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  2. There's some gorgeous eye candy here! Good tips too, many to keep in mind when simply giving a gift. :-)

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  3. Mo-Ren - I've only sent off three swaps so far and they've all had just straight line quilting. I'm a new quilter and wanted to use swaps to get some practice and try new things on a smaller scale. For my first mini, I drew lines on with a Pilot Frixion pen and used my walking foot to quilt straight on the lines. I did turns and angles to make it a little more interesting, but still just straight stitching. Since them, I've used my walking foot to also do organic wavy lines as well as some curved quilting lines. I don't think you need to feel like straight line quilting isn't good enough!

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    1. Oh good! I joined a swap to get more experience and practice too! Thanks so much for your feedback. I was getting a little overwhelmed looking at the mosaics posted for the person I was swapping with thinking I wasn't up to her level. I'm in the middle of practicing lots of new techniques to see if I can just trick myself into thinking I'm an experienced quilter 😉

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  4. You have a great list here. For me, frequent and clear communication are so beneficial. I look forward to seeing how others respond or add to the suggestions here in the comments.

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  5. P.S. Hand quilting rocks, too!

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  6. Great tips! I love the last line: go forth and make things for other people. My house would be bursting at the seams if other people didn't take some of it.
    I have been guilty of not including a note because I learned that I could squeeze in an extra block but not a block and a note without hitting the next international postage rate. Notes go by email!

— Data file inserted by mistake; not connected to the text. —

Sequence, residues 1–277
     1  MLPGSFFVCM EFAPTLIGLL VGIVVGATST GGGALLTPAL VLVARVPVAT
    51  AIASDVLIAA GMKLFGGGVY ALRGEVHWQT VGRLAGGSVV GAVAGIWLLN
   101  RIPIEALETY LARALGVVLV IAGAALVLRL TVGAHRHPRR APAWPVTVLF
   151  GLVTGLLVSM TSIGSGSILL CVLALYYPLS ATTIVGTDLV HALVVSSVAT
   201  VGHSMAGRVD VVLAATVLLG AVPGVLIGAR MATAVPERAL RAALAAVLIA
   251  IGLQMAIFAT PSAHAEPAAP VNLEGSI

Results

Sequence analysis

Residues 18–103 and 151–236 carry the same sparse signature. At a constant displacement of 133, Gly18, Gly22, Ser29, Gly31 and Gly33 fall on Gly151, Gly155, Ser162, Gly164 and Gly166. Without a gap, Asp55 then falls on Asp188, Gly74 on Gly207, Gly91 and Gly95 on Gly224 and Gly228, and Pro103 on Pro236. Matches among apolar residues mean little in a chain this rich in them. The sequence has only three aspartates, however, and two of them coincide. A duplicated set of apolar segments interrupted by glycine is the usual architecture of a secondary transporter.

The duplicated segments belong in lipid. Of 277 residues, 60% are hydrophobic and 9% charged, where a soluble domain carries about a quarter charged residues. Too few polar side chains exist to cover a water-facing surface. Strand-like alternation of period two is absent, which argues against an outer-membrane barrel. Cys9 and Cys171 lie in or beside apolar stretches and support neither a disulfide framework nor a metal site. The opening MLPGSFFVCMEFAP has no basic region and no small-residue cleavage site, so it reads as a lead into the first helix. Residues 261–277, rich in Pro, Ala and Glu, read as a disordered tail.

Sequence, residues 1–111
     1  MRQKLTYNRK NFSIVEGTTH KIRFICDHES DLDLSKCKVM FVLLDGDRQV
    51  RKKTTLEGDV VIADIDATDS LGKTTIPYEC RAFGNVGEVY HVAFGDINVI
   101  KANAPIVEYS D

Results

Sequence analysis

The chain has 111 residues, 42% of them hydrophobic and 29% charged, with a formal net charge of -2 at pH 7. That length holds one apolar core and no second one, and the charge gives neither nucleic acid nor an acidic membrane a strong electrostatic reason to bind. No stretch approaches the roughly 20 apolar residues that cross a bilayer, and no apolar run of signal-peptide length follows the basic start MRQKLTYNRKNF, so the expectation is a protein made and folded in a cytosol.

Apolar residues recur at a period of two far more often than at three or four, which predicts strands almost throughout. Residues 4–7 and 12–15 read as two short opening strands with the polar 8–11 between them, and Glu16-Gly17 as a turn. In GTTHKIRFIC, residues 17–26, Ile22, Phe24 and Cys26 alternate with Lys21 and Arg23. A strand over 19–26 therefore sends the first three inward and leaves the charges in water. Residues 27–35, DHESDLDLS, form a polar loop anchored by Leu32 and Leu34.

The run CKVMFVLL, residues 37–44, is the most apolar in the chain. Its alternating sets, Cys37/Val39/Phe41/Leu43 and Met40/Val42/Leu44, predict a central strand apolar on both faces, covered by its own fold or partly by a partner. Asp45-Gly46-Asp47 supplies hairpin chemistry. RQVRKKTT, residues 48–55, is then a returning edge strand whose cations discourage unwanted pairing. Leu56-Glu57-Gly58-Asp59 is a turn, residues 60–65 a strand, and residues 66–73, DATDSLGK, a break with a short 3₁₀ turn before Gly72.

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  7. I have a much less positive list running in my head... :D Soooo many of these are neglected, overlooked, forgotten. The horror stories Jo and I could tell.... My biggest advice to add to this: Act like an adult. The amount of childish behavior is astonishing. And personally, after moderating a swap, I will never join another. I've seen the 'seedy underbelly' and don't want any part of it. Not that all swaps are terrible, or all experiences negative, just for me, it's not worth it. It was a good experience though.

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  8. Great tips! I love to read the note included and have had such lovely cards - nice to make the extra effort and it makes me look forward to my turn as Queen Bee even more!

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  9. There are some very good points here Jessica . My quilting tends to the simple and I worry about thst , I tend to think stick to what I do best . My swaps and bees have been positive , up to now !

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  10. Great tips. For me the label on the quilt means so much! Even more than a card or extras. I have received two swap quilts with no labels and one where there is a "label" written lightly in pen on the very busy background fabric - I looked at the quilt many times before I saw it! Wondering if you think it would be ok for me to make a label and send it to the maker(s) for a signature? I think its so important to document our work.